The Top 6 Things Contractors Need to Know About Mechanics Liens

January 19, 2021
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A mechanics lien is one of the most powerful payment tools available to contractors, but it’s also one of the most misunderstood. Here are 6 things that every contractor needs to know about their lien rights — and why they are so important.

1. Mechanics Liens are Powerful

There are many reasons why mechanics liens are so effective at resolving payment problems. Perhaps the biggest reason is that it quickly gets the attention of the property owner and any lenders on the project. A lien makes your problem their problem. Once you file a lien, it’s all hands on deck to make sure you get paid. 

Another major reason they’re so effective is that anyone can do it — in the vast majority of cases, filing a lien doesn’t require a lawyer or a lawsuit. If you haven’t been paid, you can fill out a lien claim, take it down to the county recorder’s office, and file it the same day.

2. You Have the Right to File a Lien

Every state has laws that give contractors the right to file a mechanics lien claim for non-payment. As soon as you start working on or providing materials to a construction project, you’re eligible for the protection of lien rights. This means that, as long as you follow the steps and meet certain requirements, you can file a lien if you don’t get paid.

3. You Can Lose Your Lien Rights

If you fail to send a notice or miss a deadline, you can lose these rights. In some cases, you may also end up losing your rights if you sign the wrong type of lien waiver. (Pro tip: until the money is in your bank account, watch out for final unconditional lien waivers.)

While every state has lien laws, the rules in each state are different. In some states, you need to  send a notice within 20 days of starting work to secure lien rights. In others, you only need to send a notice before actually filing a lien claim. The deadlines for sending notice, filing a lien, or enforcing your lien can vary dramatically from state-to-state.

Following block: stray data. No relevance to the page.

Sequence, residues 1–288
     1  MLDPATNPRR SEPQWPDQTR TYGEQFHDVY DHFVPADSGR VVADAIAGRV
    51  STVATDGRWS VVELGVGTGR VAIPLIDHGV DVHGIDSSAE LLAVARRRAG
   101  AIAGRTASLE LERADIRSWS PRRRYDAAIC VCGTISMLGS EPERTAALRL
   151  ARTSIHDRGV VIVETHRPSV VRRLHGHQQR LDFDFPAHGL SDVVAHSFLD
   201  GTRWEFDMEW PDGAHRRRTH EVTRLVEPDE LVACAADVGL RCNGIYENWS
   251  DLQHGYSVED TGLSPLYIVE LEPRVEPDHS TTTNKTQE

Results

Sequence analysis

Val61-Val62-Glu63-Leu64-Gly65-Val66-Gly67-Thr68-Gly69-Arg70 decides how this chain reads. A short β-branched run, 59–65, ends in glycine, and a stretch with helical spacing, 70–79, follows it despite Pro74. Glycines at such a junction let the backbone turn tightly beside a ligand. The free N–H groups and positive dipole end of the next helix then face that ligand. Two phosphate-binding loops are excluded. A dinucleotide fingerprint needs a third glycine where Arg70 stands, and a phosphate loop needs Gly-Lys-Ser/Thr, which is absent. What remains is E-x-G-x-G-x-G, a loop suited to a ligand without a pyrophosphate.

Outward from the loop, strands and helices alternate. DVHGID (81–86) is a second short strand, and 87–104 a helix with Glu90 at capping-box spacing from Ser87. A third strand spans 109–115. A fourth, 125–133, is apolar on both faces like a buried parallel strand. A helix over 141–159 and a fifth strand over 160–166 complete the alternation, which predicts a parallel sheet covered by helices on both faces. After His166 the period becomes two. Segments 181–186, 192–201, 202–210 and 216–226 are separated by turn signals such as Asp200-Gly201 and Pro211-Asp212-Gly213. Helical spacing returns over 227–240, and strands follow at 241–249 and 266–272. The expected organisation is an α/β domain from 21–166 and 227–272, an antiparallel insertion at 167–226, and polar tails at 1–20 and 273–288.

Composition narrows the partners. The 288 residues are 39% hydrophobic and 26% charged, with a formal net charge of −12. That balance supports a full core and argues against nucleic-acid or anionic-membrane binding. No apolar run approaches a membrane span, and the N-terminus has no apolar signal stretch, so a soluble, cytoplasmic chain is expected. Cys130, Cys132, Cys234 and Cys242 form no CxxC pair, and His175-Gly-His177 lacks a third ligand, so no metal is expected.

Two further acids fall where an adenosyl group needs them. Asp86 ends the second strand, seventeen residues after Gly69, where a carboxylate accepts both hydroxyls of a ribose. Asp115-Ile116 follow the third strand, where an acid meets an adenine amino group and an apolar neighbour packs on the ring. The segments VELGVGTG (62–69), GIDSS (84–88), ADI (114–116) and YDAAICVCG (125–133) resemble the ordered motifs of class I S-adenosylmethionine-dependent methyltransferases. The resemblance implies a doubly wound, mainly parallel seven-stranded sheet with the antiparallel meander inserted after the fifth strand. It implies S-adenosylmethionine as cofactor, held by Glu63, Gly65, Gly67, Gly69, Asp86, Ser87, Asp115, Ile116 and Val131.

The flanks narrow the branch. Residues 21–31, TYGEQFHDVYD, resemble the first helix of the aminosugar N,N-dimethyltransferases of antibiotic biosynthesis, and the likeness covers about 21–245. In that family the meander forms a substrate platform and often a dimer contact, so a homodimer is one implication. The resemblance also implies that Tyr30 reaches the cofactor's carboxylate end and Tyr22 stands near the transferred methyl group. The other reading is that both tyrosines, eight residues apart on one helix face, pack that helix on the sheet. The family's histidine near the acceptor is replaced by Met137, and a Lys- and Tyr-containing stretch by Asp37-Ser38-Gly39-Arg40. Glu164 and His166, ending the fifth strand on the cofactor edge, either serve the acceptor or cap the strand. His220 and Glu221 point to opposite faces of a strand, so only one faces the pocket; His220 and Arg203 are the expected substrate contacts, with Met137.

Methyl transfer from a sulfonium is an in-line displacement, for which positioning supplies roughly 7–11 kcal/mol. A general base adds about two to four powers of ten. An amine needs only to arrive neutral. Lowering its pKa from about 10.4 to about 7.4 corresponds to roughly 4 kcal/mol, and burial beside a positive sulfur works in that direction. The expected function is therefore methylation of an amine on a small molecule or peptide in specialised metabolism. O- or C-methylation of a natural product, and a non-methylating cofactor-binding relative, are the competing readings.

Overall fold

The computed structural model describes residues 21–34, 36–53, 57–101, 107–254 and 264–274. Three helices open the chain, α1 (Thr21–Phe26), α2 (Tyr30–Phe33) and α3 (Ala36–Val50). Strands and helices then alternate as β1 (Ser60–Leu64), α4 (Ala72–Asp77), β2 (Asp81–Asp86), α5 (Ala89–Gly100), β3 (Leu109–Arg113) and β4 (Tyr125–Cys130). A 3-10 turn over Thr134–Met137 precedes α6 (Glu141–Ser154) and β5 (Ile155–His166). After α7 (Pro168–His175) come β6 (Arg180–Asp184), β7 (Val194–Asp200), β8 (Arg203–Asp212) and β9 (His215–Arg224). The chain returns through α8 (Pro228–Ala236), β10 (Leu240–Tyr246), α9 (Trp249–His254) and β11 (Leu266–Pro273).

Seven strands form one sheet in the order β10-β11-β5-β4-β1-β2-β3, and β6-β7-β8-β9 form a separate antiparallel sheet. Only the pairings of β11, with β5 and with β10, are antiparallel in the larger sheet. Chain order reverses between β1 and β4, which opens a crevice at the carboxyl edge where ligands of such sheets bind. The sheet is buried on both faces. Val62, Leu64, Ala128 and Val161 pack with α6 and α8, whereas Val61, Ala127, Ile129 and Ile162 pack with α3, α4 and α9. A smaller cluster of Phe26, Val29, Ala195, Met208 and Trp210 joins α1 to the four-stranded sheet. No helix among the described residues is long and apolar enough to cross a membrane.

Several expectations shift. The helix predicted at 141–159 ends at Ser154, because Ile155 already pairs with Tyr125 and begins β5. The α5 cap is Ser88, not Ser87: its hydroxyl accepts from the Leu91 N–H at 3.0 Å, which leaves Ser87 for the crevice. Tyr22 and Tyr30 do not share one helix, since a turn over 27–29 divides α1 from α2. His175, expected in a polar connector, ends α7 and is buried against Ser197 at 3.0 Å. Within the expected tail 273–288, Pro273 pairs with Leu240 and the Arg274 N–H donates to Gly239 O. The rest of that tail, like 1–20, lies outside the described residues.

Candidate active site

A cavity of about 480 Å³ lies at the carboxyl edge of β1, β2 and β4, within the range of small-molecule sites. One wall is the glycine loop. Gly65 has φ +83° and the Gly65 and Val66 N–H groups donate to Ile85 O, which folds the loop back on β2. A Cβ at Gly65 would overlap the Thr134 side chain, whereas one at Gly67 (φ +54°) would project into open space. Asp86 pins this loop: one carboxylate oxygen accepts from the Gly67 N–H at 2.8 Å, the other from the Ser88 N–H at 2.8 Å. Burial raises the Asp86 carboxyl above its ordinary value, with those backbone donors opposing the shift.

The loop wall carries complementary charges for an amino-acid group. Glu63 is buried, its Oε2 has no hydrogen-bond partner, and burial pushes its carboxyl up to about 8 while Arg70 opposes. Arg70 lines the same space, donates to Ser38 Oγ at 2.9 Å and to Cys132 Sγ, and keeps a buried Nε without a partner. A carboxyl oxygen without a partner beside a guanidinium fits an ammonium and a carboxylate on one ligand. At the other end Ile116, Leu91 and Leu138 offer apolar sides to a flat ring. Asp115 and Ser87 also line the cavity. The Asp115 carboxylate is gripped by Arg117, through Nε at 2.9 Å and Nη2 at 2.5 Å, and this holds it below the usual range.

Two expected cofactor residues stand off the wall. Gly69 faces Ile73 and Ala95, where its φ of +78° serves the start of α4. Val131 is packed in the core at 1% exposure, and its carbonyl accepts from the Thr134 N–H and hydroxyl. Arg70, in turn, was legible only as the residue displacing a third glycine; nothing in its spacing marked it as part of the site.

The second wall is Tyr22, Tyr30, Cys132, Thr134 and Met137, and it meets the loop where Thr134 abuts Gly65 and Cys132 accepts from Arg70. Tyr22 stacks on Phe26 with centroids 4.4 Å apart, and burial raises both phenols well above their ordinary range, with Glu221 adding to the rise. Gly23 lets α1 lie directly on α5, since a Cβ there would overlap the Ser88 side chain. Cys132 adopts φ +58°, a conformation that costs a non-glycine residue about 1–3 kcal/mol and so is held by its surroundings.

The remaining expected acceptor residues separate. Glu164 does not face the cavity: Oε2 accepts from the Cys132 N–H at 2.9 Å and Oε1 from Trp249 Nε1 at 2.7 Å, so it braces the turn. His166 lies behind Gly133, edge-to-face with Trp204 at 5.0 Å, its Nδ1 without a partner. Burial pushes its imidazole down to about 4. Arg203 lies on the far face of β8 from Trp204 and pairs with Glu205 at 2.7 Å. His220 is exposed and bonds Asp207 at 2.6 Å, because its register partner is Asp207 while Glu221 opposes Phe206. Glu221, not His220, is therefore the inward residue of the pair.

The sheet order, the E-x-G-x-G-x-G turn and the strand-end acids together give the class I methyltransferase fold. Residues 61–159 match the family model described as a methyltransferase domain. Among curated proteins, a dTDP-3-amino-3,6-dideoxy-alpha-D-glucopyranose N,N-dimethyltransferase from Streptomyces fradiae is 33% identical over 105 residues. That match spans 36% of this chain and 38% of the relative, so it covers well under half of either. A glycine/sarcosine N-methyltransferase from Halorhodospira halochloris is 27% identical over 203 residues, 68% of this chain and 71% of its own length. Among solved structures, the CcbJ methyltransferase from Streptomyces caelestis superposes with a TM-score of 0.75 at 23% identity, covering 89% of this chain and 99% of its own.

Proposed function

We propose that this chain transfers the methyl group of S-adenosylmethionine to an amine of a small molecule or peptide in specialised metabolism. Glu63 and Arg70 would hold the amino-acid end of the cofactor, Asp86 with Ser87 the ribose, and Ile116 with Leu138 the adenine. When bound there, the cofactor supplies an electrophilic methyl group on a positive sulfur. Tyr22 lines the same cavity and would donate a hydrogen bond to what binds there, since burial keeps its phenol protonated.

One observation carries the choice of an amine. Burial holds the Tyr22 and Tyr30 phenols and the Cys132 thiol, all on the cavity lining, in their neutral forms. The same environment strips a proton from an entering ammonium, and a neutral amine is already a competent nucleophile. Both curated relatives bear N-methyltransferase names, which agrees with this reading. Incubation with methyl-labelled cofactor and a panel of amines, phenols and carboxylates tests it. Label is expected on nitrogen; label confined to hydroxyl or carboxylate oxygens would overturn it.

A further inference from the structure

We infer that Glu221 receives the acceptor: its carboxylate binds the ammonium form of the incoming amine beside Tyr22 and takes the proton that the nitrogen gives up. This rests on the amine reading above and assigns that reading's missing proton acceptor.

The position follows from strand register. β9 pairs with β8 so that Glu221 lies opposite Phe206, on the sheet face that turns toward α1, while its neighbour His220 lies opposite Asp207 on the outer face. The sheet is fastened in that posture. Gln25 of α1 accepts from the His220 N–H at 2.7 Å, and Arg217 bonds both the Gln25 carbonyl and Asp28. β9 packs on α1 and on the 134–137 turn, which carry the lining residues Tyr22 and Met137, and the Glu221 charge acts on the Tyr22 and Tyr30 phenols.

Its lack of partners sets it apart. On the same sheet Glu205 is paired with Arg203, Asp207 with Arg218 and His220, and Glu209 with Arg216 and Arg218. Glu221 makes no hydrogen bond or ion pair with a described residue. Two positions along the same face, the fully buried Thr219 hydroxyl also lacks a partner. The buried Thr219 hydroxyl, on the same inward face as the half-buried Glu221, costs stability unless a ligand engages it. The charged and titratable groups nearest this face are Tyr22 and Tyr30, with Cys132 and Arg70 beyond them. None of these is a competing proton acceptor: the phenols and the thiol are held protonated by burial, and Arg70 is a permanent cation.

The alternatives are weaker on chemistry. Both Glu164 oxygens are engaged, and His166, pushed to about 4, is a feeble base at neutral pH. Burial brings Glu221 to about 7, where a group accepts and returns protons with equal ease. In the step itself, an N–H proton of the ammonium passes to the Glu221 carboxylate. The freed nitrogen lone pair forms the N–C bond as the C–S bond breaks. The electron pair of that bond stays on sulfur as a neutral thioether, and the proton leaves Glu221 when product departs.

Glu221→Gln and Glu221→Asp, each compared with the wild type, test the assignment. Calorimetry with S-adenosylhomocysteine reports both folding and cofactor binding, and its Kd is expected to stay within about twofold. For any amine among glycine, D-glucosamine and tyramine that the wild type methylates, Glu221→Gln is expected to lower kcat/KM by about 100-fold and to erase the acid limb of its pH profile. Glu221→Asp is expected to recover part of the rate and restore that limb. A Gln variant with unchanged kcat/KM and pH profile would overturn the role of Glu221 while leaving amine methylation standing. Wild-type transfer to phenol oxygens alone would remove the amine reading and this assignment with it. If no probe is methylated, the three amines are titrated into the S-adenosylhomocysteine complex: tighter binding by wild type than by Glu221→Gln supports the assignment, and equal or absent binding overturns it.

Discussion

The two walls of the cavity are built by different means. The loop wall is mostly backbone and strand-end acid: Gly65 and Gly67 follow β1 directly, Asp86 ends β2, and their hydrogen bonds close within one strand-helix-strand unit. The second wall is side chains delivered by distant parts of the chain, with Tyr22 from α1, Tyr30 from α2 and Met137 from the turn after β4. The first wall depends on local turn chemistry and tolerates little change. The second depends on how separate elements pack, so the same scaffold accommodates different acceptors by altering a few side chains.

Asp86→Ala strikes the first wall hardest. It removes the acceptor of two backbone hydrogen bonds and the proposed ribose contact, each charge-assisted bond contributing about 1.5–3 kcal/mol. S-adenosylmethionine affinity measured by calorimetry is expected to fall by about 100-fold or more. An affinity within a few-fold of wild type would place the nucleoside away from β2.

4. A Mechanics Lien Attaches to Property, Not a Person

In order to fully appreciate the importance of a mechanics lien, you have to understand how it works. When you file a lien, it attaches to the property that you’re working on. If the property changes hands, your mechanics lien claim will generally stay intact, ensuring that you have payment protection. 

If you decide to take the extra step of enforcing your lien, you can potentially force the owner to sell the property and use the proceeds to pay your debt.

5. It is Actually a Process (not just a document)

To file a claim, you’ll first need to fill out a mechanics lien form. But submitting that form is only one step in the process. Each state has a slightly different process, and the same documents aren’t required in every one. But if you follow these three steps, you’ll be protected in pretty much any situation:

1. Send a preliminary notice
preliminary notice is typically sent to the property owner, GC, and any lenders at the beginning of a project, either before or soon after you begin work. It lets them know that you’re on the job, what work you’re doing, and that you expect to be paid.

2. Send a notice of intent to lien
A notice of intent to lien is sent after payment is late, and typically a week or two before you’re ready to file a lien. It serves as a warning to the owner to resolve your payment dispute — or put their property at risk.

3. File a mechanics lien claim
If you still haven’t been paid, contractors must file a mechanics lien in the county where the property is located, where it will be included in the property records.

6. The Mechanics Lien Process Actually Helps You Avoid Mechanics Liens

It sounds like a contradiction, but it’s true. Each step in the lien process is incredibly effective on its own, reducing the likelihood that you’ll ever need to file a lien. 

When you send a preliminary notice, you put yourself on the property owner’s radar. They know that on payday, you’ll be expecting a check…and ready to take action if you don’t. Sending one simple document greatly increases your chances of getting paid on time, and reduces the likelihood of ever having to file a lien!

A notice of intent to lien is like an invoice reminder with teeth. It lets the owner know that you haven’t been paid, and that they still have time to prevent a mechanics lien by paying your invoice. 

It’s important to remember that everyone wants you to get paid on time. The owner wants to avoid a lien on their property just as much as you want to avoid filing one. The threat of a mechanics lien can be a powerful motivational tool.  With great power comes great responsibility, as they say. Use this power wisely. 

Want to learn more about payment in the construction industry?

Alex joined us on an episode of DirtStories to talk about payment in construction.

This article was written by a guest author. Alex Benarroche is from Levelset

Alex Benarroche

Alex graduated from Loyola University College of Law and went on to get a master's degree in intellectual property and Internet law from the University of Alicante in Spain. Since then his practice mainly focused on contracts, business law, construction, and IP. Alex joined Levelset in 2018 and has since worked to help construction businesses around the country know their rights to ensure they get paid what they’ve earned.

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